So, there I was last night, surfing the internet, looking for an image that I could use as a new avatar. For those of you unfamiliar with the term, an avatar is a graphic image that serves as your 'identity', if you will, when posting on chat boards. But that's not important. What IS important is that in my search for a new one, I came across a virtual (literally) treasure trove of some of the world's worst album covers!

Some of these are so awful that I just HAD to share them with you:

Ooh la la! Looks like the Danish Hair Club for Men got themselves a night gig! And I'm pretty sure that the fat kid in the back on the left is the dude who played "Oliver" in the final season of The Brady Bunch. It turns out that "Stuffparty #1" was popular enough that they made "Stuffparty #2". No, that's not a joke, I'm serious.

Heino. Ever heard of him? Yes, you read's a him on that cover. Despite the roses, blonde pageboy cut, and the fey look and it's a MAN, baby. And while I only took one quarter of German at UGA, I believe "Liebe Mutter" translates as 'Love Mother'. Does this mean he loves his mother, or wants to love our mother, or he loves all mothers in general? Not quite sure what "Ein Blumenstauß, der nie verwelkt" means. If I'd have to guess, I'd say it translates as "Dude Looks Like a Lady".

Of course, you had to know that any discussion of tasteless album covers would include one that features some good ol' Southern Gospel singers. Seems the Louvin Brothers want us to know that Satan is real. While I've never listened to it, I'm sure that one minute with this album would make us all believers.

Eeeeeew! I always knew that fecalphelia had to have its own special smell. Now, thanks to Mr. Pooh-Man M. C. Pooh, it's even got its own SOUND.

I don't know if you could call this a 'bad' album per se. It's got pretty good production values (at least when compared to the rest of the crap I found), and considering the time this album came out (1979), the cover is pretty tame. But this certainly it has to top anyone's list of "Worst Foray Into Uncharted Territory By An Established Singer". What was the record label thinking? 'Merman belts out show tunes like a foghorn...and that's big bucks in disco!'?

Turns out that Miss Merman didn't record her own renditions of such disco classics as "Love to Love You Baby", or "How Deep Is Your Love", or even "Disco Duck". She actually recorded disco renditions of her own classics...including "There's No Business Like Show Business".

On second thought, this IS a truly bad album.


(children, please cover your eyes)

Words escape me.

How 'Bout THIS Dawg!?

About six months ago we lost our beloved white Bulldog, Fireball. We still don't know how it happened, but over the course of two weeks she lost all motor functions. It was a tough time for us, and we miss her dearly.

In early November I was back in Athens, Georgia for the Homecoming game against Troy State (a game that was a LOT closer than anyone would have guessed pre-season). Before the game I caught up with Sonny Seiler, owner of UGA (pronounced, "ug-ga"), Georgia's beloved mascot. Sonny's a bit of a legend amongst Dawg fans. For over 50 years, the Seiler family has sired these dogs. For those of you counting, we're currently on UGA VI.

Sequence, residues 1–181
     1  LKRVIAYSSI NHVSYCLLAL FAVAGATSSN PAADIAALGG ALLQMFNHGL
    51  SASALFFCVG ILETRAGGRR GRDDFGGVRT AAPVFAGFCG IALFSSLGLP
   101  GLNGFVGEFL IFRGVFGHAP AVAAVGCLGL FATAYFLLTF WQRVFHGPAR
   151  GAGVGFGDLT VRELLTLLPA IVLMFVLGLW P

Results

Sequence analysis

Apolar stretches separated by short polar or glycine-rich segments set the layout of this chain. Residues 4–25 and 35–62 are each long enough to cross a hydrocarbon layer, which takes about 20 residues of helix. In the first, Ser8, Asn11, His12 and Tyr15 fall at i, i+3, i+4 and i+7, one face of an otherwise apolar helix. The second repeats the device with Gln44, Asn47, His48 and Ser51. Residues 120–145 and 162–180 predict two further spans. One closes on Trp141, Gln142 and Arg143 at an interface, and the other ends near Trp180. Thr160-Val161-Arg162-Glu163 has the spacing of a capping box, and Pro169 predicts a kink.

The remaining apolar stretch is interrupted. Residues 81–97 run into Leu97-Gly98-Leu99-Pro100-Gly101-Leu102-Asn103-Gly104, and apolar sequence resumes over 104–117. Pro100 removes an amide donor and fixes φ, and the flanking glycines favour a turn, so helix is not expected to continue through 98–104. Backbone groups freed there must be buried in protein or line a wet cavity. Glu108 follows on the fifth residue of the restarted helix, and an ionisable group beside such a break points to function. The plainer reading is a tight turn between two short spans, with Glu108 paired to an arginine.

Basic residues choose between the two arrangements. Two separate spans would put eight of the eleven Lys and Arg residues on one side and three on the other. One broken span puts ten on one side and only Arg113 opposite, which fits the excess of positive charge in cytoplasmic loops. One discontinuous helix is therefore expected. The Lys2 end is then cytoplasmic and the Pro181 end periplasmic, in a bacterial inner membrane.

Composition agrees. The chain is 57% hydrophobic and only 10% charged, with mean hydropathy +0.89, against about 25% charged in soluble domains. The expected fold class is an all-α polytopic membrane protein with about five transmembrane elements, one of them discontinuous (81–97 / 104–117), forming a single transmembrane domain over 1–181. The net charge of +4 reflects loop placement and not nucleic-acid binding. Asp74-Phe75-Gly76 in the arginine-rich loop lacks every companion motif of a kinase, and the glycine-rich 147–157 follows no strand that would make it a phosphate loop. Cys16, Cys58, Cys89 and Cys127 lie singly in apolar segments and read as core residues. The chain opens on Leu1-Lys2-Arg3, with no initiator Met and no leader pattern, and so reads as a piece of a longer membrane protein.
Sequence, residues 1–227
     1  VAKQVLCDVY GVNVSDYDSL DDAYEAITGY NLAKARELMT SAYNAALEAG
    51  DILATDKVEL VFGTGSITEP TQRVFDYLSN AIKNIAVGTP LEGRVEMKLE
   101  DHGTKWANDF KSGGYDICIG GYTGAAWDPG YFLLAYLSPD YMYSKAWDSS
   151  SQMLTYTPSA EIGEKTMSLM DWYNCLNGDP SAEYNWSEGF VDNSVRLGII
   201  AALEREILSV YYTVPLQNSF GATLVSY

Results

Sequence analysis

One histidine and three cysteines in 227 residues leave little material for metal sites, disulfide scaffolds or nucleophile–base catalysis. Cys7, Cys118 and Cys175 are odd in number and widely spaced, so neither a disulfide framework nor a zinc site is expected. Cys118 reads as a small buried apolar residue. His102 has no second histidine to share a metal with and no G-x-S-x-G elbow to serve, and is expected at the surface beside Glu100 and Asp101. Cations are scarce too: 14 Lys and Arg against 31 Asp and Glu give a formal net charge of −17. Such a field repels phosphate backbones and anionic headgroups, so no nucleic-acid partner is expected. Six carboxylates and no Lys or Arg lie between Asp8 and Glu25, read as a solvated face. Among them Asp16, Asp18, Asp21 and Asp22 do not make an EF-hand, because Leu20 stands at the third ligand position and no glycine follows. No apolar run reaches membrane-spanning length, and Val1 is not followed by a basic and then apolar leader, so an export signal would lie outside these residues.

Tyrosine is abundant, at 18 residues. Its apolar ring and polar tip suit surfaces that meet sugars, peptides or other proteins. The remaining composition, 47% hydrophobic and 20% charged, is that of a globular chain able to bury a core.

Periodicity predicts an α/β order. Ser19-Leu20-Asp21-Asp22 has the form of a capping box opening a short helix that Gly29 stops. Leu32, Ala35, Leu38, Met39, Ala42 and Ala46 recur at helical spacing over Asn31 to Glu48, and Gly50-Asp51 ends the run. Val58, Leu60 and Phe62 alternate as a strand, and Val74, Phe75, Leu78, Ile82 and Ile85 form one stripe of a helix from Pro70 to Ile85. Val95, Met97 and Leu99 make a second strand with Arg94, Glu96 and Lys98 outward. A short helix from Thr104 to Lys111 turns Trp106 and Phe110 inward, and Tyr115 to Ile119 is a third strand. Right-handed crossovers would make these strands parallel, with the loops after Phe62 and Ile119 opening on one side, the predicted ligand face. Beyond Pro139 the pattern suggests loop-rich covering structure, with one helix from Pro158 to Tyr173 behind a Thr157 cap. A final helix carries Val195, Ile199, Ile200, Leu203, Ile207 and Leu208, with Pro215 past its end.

Sonny and UGA have also been immortalized in the book, "Midnight in the Garden of Good and Evil", as well of the 1997 movie adaptation of same. In the movie UGA played himself, while Sonny played a judge. Those of you who are real UGA fans probably know that actor Jack Thompson played Sonny.

"Sorry to hear about the loss of your Dawg," Sonny said, "you let me know when your family is ready for another one." I told Mr. Seiler that I appreciated both the condolences and the offer, an offer I couldn't help but wonder if it was just polite conversation or the 'real deal'. I've known of more than a few folks who'd asked Sonny for a bulldog pup, only to be politely told no. Being offered a puppy who's daddy is THE UGA is high cotton where I come from. It's tantamount to being offered a winning lottery ticket: it doesn't happen often, and you'd be a damn fool to decline it.

In between flights on my way home, I called Amie and mentioned Sonny's offer. "Do you think he was serious?" was her response. "We shall see," I said. We didn't have to wait long. As a matter of fact, as I my final plane landed in San Luis, I turned on my cellphone and noticed I had one voicemail message. It was from a "Miss Becky" in Moultrie, Georgia. "Mr. Garretson? Mr. Sonny asked me to give you a call. He's told me to put you at the top of the list for a puppy."

True to his word, Sonny wasted no time in extending his most generous offer. Six weeks ago, UGA VI sired a litter, only one of which was an all-white...a little girl. As this is UGA's coloring, all-whites are especially prized. The fact that our Fireball was an all-white girl made the decision even easier...we wanted - and got - dibs on this puppy.

It will be a few more weeks before the litter is old enough to leave their parents, and I'll be heading back to Georgia to pick her up. Miss Becky sent us these photos of our sweet girl, and I just had to share them with you.